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CSD Recognizes Two Texas Hospitals

CSD of Texas recognized two hospitals for their commitment to serving deaf and hard of hearing patients. They applauded Austin Regional Clinic (ARC) for "consistently recognizing, for more than 13 years, the impact on the deaf consumer that securing a qualified sign language interpreter has on the overall quality of medical care." ARC works closely with CSD interpreter referral specialists to ensure the best interpreters are available, are highly certified and even for same day and last-minute appointments.

The 2006 Communication Advocate Award was presented during ceremonies last October in Austin, marking both the 60th anniversary of the Austin Association of the Deaf and the 150th anniversary of the Texas School for the Deaf.

CSD also recognized South Austin Hospital. Barbie Parker, outreach specialist for CSD said, "For the first time ever we have presented the Communication Advocate Award to two businesses that have shown consistent care for the deaf community in Austin. Both have showed such a degree of commitment to the community that we could not decide on just one."

CSD Partners With Minnesota On Activities For Deaf

CSD of Minnesota and St. Paul Recreation are working together to provide recreation and fitness activities for deaf and hard of hearing residents in the Twin Cities. Among these activities: kickboxing, yoga and water aerobics. Classes are taught on Tuesdays and Saturdays. At least 30 families attend the monthly Deaf Swim and Gym at Arlington High School. They say the growing health craze has finally embraced the deaf community as they want more classes during the week, and plan to add deep water aerobics and family yoga. Other areas including St. Cloud and Faribault are now requesting similar recreational opportunities in their area.

CSD Call Centers Conduct Food Drive

All CSD call centers across the U.S. held their fifth annual food drive to support the communities in which they do business. Each year this campaign receives more and more attention from CSD’s employees and the communities in which they reside. A total of 21,784 items were donated this year over a two-week period by operators working in the centers.

CSD has always been strong believers in giving back to not only the community in which we serve, but as well to the members of the community that are less fortunate.

Health Services In Minnesota

Community Health Workers (CHW) programs are popular and growing in Minnesota as well as other states. Jessalyn Frank, community specialist at CSD of Minnesota and a CHW student at the Minneapolis Community and Technical College, attended a workshop, "Addressing Breast Cancer in Your Community," in October presented by certified CHWs. The workshop covered obstacles and issues facing individuals in different communities, how to address language minority communities, bridge gaps in educating communities and connect them with services. The workshop also included hands-on participation and interaction with other service providers. Among topics discussed were breaking down literacy, finding ways to share information with individuals, statistics of breast cancer, services for those who do not have insurance, programs that educate about breast cancer and key parts of prevention.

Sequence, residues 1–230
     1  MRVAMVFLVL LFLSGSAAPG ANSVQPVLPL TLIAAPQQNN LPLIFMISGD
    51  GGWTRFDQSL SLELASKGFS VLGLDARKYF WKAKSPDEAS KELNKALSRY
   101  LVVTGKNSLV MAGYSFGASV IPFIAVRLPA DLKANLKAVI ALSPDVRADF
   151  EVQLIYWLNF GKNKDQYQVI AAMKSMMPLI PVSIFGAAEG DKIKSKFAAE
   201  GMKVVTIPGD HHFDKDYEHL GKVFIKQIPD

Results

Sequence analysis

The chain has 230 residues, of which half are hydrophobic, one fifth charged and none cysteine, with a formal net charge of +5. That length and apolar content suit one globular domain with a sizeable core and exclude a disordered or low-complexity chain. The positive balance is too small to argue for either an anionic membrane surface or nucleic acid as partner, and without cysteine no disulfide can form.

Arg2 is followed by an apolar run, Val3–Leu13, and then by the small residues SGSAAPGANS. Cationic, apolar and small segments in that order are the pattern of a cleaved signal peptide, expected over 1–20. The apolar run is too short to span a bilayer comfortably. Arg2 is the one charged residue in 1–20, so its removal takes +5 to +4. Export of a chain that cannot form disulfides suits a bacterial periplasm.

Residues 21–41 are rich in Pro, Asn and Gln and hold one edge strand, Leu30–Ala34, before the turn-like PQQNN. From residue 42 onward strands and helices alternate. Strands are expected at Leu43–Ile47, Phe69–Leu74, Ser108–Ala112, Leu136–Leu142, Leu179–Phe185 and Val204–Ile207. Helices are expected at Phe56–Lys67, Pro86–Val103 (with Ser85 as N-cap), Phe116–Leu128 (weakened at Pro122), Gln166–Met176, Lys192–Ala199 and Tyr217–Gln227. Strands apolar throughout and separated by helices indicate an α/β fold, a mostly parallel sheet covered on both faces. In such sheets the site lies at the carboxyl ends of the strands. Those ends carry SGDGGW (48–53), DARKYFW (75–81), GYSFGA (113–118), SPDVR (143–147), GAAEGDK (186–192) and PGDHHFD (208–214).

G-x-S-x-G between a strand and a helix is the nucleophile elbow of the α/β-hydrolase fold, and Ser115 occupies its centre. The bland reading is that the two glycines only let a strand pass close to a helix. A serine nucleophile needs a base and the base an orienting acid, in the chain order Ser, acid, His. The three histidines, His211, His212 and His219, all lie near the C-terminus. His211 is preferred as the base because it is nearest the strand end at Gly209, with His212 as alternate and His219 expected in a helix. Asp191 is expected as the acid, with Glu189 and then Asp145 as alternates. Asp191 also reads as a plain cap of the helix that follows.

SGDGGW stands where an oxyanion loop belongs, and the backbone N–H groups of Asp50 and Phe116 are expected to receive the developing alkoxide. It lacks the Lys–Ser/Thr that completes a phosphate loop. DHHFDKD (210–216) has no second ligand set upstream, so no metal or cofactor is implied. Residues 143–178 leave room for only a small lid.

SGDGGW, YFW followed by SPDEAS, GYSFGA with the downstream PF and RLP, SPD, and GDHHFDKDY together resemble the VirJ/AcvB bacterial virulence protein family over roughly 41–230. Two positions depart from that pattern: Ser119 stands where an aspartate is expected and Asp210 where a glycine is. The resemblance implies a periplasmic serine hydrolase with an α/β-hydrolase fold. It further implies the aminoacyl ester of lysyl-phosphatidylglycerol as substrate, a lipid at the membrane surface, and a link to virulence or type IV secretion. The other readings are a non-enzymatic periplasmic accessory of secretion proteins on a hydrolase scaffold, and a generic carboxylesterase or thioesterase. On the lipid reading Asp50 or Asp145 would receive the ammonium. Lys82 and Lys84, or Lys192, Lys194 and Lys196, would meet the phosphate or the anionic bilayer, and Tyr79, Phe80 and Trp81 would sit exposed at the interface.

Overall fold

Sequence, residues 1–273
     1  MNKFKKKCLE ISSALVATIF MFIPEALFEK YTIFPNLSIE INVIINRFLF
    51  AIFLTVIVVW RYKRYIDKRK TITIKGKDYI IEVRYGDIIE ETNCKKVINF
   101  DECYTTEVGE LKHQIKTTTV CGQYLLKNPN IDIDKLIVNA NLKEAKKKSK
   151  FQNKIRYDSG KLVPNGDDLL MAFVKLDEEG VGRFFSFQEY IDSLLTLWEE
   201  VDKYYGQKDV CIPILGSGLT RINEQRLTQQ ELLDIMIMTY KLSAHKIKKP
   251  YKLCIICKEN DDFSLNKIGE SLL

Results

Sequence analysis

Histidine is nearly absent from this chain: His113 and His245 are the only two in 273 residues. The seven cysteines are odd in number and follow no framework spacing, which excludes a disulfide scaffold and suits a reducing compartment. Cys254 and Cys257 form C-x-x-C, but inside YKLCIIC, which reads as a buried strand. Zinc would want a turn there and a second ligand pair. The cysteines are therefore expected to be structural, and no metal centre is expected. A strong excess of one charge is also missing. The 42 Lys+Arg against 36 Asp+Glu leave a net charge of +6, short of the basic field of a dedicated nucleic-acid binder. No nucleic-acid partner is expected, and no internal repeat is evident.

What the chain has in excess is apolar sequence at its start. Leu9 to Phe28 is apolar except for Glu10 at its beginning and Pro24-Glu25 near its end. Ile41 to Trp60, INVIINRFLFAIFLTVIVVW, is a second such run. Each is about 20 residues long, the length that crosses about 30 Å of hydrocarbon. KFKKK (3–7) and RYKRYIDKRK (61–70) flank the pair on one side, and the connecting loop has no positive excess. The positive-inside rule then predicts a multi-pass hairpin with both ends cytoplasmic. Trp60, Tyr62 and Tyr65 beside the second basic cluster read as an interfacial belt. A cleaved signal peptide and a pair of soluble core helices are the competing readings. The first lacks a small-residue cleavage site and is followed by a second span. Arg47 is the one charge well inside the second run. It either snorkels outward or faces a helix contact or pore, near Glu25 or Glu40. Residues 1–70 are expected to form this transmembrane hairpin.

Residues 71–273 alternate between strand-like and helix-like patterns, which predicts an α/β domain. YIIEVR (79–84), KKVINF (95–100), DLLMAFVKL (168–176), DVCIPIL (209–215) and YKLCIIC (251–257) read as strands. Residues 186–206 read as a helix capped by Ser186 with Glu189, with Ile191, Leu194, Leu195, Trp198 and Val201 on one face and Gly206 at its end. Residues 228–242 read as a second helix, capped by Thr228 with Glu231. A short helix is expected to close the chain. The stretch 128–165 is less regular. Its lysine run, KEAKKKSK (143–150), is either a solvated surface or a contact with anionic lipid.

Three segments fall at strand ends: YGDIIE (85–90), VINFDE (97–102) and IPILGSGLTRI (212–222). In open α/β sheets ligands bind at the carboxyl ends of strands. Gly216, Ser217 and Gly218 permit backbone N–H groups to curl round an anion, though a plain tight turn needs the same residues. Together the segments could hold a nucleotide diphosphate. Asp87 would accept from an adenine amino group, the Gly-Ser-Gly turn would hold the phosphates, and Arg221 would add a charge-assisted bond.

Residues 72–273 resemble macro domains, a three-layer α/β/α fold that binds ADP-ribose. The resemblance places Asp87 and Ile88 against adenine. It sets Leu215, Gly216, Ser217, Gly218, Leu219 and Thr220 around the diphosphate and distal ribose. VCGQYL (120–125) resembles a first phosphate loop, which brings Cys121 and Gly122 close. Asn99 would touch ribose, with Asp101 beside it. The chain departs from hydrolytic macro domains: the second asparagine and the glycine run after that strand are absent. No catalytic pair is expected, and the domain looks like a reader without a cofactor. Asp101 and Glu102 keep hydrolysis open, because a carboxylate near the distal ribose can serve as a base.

Domestic Violence Community Support Program In Oklahoma

CSD of Oklahoma is heading major efforts in supporting providers of services for deaf and domestic violence victims. Their community support program assists domestic violence and other support service providers in learning about, and understanding, the needs of people who are deaf or hard of hearing. They increase awareness through on-site and phone consultation, classes, workshops and training sessions. Among its services to responders to domestic violence: deaf awareness, TTY/Videophone training, video remote interpreting (VRI) training, American Sign Language (ASL) classes, assistance in accommodating victims, technical assistance, referrals and advocacy. They have operated the program with the U.S. Department of Justice for three years and also in second year of obtaining VAWA state grants.

A few challenges they face are: getting an interpreter for court due to shortage of interpreters, and poor compensation to interpreters due to established court rates. The rewards are having clients successfully leave their abuser.

Remembering Deaf People Who Died Of AIDS

Jessalyn Frank, community specialist with CSD of Minnesota, hosted CSD of Minnesota World Aids Day at Thompson Hall on December 1. This event not only took place at Thompson Hall, but also all over the world to empower knowledge and to remember those who have died of AIDS. This event in the Twin Cities was made possible by a grant from Hugh J. Andersen.

Hostess Sarah Houge handed out ribbons and program books followed by a PowerPoint presentation and introduction by Frank on the meaning of World Aids Day, the red ribbon and how it originated, and the Quilt's meaning, the symbolic message of the loss of many lives. Albert Walla was guest speaker and shared his 25 years of stories where he witness first-hand many friends who have died of AIDS.

Dann Trainer led a candle light vigil with battery-operated candles and participants spoke of those who died of AIDS or how they felt about the event. A voice interpreter was present for hearing individuals. "It is a good feeling," Frank said, "when you see people talk or sign about what they have learned from this kind of event, this indicates that your goal of getting the message out there is succeeding."